Fall in £ vs Euro, Ex Eu Ticket purchases?

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This topic contains 19 replies, has 6 voices, and was last updated by  MarcusGB 9 Oct 2016
at 18:07
.

Viewing 5 posts - 16 through 20 (of 20 total)

  • SimonS1
    Participant

    By the way, good news that Cathay resumed flights from Gatwick last month with the A350. Another good option for south coast passengers heading East and looking for direct flights.

    I just wish there was a way that EK could extend some of its flights to the US like they do with Milan.


    LuganoPirate
    Participant

    I guess the flip side of this is that BA will now receive more pounds for the ex Europe flights which should augur well for the bottom line?


    LuganoPirate
    Participant

    Well maybe not. I’ve just seen they account in Euros so the weaker pound will translate into less revenue. Ah well, at least they can blame Brexit!


    AlanOrton1
    Participant

    There are also some good deals with CX in J ex LGW…

    With EK, my last ‘saver’ J return to Asia (cost circa £2k) netted 15,000 Skywards. This will get you a return trip to Europe with EZY, as long as the 2 sectors cost in total around £75.

    Great to be able to use EK miles for EZY redemptions, and if you have a tonne of Skywards, you can book a number of sectors on the same flight (good for family / group trips), unlike legacy airlines which can restrict the number of award seats on any given route.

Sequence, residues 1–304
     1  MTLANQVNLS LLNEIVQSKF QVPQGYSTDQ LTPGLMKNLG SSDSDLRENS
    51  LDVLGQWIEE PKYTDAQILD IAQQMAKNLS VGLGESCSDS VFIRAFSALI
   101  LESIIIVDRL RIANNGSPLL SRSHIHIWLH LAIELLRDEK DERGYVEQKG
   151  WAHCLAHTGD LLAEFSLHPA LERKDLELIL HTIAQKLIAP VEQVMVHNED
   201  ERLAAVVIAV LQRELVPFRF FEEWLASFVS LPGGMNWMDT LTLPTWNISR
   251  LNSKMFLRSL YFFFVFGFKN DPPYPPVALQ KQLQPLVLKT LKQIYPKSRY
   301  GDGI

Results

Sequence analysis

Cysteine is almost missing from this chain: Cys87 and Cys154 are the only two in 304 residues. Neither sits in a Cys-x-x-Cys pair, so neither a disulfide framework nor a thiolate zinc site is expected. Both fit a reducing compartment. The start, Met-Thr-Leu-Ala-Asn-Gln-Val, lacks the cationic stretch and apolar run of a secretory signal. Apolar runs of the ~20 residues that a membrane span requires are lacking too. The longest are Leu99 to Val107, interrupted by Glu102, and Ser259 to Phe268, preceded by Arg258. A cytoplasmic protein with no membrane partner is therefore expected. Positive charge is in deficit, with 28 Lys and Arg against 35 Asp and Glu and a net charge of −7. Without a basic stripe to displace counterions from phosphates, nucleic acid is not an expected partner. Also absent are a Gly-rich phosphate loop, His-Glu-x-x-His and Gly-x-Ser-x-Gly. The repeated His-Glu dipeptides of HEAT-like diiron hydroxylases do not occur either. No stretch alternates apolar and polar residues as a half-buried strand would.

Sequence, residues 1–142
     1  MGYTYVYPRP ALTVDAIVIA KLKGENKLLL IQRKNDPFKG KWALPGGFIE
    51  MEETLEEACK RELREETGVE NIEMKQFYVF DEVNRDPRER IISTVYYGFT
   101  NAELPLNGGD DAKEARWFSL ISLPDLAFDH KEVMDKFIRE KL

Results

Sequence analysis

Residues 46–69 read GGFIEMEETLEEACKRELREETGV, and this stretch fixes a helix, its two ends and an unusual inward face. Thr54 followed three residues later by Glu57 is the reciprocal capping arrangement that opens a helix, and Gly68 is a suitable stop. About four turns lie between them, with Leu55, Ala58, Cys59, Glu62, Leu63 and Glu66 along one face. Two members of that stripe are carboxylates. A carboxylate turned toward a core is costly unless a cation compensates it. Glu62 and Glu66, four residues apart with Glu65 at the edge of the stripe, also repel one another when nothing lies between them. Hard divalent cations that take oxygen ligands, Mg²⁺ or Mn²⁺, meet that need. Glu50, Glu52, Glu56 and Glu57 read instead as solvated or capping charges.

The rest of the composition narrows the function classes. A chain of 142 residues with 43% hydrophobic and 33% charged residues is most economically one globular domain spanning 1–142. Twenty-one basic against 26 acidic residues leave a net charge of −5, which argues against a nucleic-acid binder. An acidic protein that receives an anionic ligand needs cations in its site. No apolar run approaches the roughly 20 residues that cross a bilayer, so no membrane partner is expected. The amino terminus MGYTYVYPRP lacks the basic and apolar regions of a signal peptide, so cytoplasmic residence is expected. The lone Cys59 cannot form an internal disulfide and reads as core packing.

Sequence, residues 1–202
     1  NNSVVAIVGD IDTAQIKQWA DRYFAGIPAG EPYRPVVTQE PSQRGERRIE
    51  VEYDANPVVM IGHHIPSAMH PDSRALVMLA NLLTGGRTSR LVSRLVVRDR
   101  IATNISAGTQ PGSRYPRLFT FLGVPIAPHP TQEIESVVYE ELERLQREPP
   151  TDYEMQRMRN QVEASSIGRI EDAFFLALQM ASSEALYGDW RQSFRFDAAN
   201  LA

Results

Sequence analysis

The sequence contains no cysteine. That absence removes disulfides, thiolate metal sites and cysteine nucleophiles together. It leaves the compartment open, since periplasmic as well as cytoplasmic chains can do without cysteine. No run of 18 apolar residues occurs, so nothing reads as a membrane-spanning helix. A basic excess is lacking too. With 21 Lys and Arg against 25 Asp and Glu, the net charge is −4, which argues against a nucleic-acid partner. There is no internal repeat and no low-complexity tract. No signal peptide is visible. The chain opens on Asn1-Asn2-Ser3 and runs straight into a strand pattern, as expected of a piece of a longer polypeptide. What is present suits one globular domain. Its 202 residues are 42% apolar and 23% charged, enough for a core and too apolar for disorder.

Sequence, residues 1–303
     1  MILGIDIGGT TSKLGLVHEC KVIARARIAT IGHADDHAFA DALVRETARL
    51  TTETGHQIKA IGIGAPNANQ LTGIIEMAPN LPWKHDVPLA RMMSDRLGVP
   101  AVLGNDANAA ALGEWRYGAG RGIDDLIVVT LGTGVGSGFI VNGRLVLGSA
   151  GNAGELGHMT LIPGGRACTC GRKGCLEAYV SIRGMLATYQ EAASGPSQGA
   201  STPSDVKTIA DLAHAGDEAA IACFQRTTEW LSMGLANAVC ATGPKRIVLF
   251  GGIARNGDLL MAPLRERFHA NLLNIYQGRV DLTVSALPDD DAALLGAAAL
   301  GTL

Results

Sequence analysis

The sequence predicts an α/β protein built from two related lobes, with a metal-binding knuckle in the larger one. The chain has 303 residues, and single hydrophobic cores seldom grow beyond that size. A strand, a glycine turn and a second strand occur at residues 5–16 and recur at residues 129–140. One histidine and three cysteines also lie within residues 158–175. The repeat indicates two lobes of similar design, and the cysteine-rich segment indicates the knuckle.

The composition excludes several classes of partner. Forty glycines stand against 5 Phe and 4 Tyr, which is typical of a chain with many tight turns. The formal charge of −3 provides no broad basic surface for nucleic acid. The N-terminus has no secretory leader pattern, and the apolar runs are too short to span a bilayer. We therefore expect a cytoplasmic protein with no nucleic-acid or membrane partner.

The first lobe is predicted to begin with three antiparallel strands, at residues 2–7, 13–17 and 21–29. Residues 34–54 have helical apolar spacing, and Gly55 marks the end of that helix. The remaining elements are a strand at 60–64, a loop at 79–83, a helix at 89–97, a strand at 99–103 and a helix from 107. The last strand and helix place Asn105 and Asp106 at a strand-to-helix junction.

However, and perhaps understandably as its a redemption on a 3rd party airline, some may consider the redemption ‘value’ as not being that great.


    MarcusGB
    Participant

    But returning to the Subject for this thread…
    I have several colleagues who were like myself, purchasing Ex EU hubs, for the huge difference in prices and taxes levied on a ticket. Normally this would save at least £500 per ticket, but they were not fling out then back for BA or its Avios, purely for price and mileage benefits.
    Clearly the taxes and charges levied on a J Class flight return to Asia for eg, are not paid when flying out of the EU and its major hubs.
    Leisure travelers also travelling long haul, often save significant amounts

    Dublin and CDG, AMS, often have vastly different fares for Business Class flights, on the same Airlines departing ex LHR. EY, EK, KLM, Cathay, Thai… are often from £1,000 per seat to a few hundred. So perhaps with the Fare Differences, even losing 15% with the Euro -£ compared to pre- Brexit, it is still worth it, on the same Airline you choose.

    I found the largest differences on Etihad ex Dublin to Sydney, saving at least £1,000 compared to a LHR departure. KLM have a permanent special Business “Z” Class under Euro 2,000, for most continents worldwide, return Business Class (Book 3 months ahead) As Martyn has pointed out, his Avios benefits are greater, and fare difference still significant fares even with a 15% difference in fare, specifically for BA.

    Etihad and EK have gone into the EU market, taking much business from the European Airlines in recent years. One flight i booked CDG to Sydney had stopovers and many benefits other Airlines do not offer, such as Chauffeur cars and stopover rates for hotels), the fare ex LHR for the same dates was double CDG and Dublin, when converted.

    So perhaps the answer is that EX EU ticketing will remain attractive, and more so if you pay directly with Euros, without having to convert back to the £. This is the issue i am specifically referring to in this thread, and i am hearing that even with this drop in £ value, it remains worth it still, and mostly due to taxes and charges to depart the UK, not levied, or tried and scrapped by other European hubs.

Viewing 5 posts - 16 through 20 (of 20 total)
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